Photo: Limor Sagai
Dr Adel Manna, demands equal rights
Photo: Limor Sagai
Gil Yohanan
MK Barakeh, wants a new anthem
Gil Yohanan
MK Ibrahim Sarsur, Palestinian state good for Israel
Photo: Yaron Brener
Dr. Elie Rekhess: Silent majority has power
'Stop acting like you are in Europe.' Jafar Farah

'Stop treating Arab citizens like enemies'

Israel's Arab sector publishes documents challenging State's Jewish character. Arab intellectuals, politicians explain why existing model must change, why 2007's Arab citizens can no longer keep silent

"My dream is that my children and grandchildren, as well as Israel's Arab citizens, will be able to feel they are part of the country, that they have equal rights … and that they are not treated like enemies," says leading Arab Israeli academic Dr Adel Manna.


Manna, the head of the Department for Arab Society in Israel at the Van Leer Jerusalem Institute, is concerned by the widening gap between Israel's Jewish and Arab citizens.


Last year the National Committee of the Heads of the Arab Local Authorities in Israel released a declaration (The Future Vision of the Palestinian Arabs in Israel) highlighting the aspirations of the Arab minority in Israel.


The declaration reads: "We, the Palestinian Arabs living in Israel, the natives of the land and the citizens of the state, part of the Palestinian people and the Arab nation … the 1948 war brought about the creation of the State of Israel on 78 percent of the territory of historical Palestine. We, who counted 160,000 in our homeland, found ourselves within the borders of the Jewish state, cut-off from the rest of our Palestinian people and the Arab world, were forced to accept the Israeli nationality and we became a minority in our historical homeland."


'Israel must recognize Palestinians' suffering' 

But the declaration did not just dwell on the region's history, going as far as outlining key demands by Israel's Arab minority. These include the recognition by Israel of the suffering inflicted upon the Palestinians in the aftermath of its creation in 1948.


The declaration also stipulates that Israel should compensate its Arab citizens and cease to treat them like "enemies."


It also demands that Israel allow its Arab minority to govern its own affairs and nurture its "natural ties" with the Palestinians and the Arab world.


Another section demands that Israel drop its policy of advancing the interests of the Jewish majority to the detriment of the Arab minority and to fight discrimination in all sectors.


Dr Mana said the Jewish public should not be alarmed by the Arab minority's demands to have equal rights. "Instead of understanding where this is coming from everybody stands up to defend the brainwashing of the Jewish public as if everybody who criticizes the policy of discrimination does not recognize the State of Israel," he said.


"The Israeli public doesn't want to understand that it is demanding the Arabs become loyal but on the other hand it is not allowing them to do so … What's wrong with demanding full partnership?" he added.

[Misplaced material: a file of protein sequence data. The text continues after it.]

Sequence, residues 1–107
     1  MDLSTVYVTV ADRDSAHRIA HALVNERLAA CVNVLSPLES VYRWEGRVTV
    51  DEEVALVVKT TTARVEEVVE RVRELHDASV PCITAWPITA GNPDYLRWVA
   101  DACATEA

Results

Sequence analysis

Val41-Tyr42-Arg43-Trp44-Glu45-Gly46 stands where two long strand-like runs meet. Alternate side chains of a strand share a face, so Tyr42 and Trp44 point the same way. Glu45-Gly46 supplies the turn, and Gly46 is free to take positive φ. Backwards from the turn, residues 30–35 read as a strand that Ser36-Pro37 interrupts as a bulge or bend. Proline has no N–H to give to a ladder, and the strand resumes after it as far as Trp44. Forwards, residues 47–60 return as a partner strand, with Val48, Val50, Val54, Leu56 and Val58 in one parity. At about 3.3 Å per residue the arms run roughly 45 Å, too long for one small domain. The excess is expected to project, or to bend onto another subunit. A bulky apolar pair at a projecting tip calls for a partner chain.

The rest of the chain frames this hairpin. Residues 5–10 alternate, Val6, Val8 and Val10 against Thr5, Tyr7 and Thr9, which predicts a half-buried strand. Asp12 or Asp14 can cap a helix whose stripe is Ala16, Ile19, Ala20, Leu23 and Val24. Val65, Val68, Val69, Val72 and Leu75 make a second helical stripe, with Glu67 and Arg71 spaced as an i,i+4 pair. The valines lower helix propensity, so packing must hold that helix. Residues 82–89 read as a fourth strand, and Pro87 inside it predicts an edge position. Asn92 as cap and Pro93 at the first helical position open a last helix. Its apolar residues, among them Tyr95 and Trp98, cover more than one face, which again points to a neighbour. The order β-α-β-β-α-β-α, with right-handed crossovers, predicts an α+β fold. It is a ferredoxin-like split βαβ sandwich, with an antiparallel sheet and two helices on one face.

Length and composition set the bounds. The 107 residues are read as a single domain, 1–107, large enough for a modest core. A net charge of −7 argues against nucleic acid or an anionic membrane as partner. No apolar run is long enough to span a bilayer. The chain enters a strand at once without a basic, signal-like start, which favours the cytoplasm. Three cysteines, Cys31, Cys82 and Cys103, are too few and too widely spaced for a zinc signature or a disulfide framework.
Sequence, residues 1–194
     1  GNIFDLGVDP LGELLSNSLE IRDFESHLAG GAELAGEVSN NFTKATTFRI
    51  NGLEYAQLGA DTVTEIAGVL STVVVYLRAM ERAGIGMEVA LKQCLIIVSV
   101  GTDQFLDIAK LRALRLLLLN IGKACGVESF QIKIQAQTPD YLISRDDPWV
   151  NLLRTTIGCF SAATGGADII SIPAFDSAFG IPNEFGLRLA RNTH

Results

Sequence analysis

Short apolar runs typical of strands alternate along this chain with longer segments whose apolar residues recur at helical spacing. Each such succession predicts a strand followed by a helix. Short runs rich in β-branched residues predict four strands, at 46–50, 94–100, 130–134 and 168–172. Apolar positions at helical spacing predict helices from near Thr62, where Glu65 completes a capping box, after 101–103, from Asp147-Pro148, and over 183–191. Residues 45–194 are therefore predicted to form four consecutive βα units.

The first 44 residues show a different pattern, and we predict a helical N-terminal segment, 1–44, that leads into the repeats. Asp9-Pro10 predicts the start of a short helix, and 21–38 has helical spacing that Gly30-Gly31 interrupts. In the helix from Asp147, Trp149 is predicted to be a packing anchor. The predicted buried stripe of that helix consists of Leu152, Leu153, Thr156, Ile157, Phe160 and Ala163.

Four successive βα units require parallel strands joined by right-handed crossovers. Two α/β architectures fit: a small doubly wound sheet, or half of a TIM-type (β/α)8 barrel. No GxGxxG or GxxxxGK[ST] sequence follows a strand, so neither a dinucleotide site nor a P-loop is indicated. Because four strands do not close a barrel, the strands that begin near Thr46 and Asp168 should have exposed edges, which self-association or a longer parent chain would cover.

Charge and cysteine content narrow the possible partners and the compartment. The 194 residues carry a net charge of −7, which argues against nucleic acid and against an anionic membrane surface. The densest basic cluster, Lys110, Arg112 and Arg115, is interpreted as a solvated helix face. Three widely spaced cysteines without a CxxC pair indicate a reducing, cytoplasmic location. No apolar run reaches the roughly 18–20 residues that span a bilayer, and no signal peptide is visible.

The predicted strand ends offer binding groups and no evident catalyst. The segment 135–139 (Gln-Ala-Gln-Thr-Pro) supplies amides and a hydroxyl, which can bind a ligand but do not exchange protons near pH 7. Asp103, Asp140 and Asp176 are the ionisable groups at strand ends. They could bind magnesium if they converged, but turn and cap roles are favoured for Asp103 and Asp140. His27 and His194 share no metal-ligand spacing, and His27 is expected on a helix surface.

A number of Arab Israeli organizations issued similar statements last year. The Mossawa and Adalah advocacy centers formulated an initiative called "An Egalitarian Constitution for All and a Democratic Constitution".


'Do demands threaten Jews' rights?'

"Does Mossawa's document about an egalitarian constitution for all constitute a threat to the Jews' right for self-determination? This is absurd. Instead of holding discussions with us about the document we are receiving threats from the head of the Shin Bet," said Jafar Farah, director of the Mossawa Center.


Dr. Elie Rekhess Director of Tel Aviv University's Konrad Adenauer Program for Jewish-Arab Cooperation, who has been studying the Arab society in Israel for years, explained how complicated the situation really is.


"There is confusion and breakdown of systems in the Arab society and there is no clear direction," he said. "This is a transition period, and the confusion is expressed in the fact that there are several movements that don’t come together in unity but clash in opposite directions. There is the Islamic movement, the national/nationalistic movement, the integrated movement and what I call the silent majority.


"I feel that the silent majority is an amorphous group with much power. There is potential to create an integrated system that could be attractive for a great part of the Arab public in Israel, but the problem is that the national and Islamic aspects hover above like a threatening shadow and have the power to undermine this system and create and deep crevice in Jewish-Arab relations. If the Arab public was to unite, for example, around the demand to change the character of the State of Israel as a Jewish state, this would mean we have reached a new phase," Rekhess said.


Should the Israeli public be concerned? 


"This is something that should concern the Israeli public at large. Unfortunately, the Arab issue is not on the national agenda, except on the level of criticism…Nonetheless, the situation is not irreversible. It is a national mission to begin breaking the problem down to its components."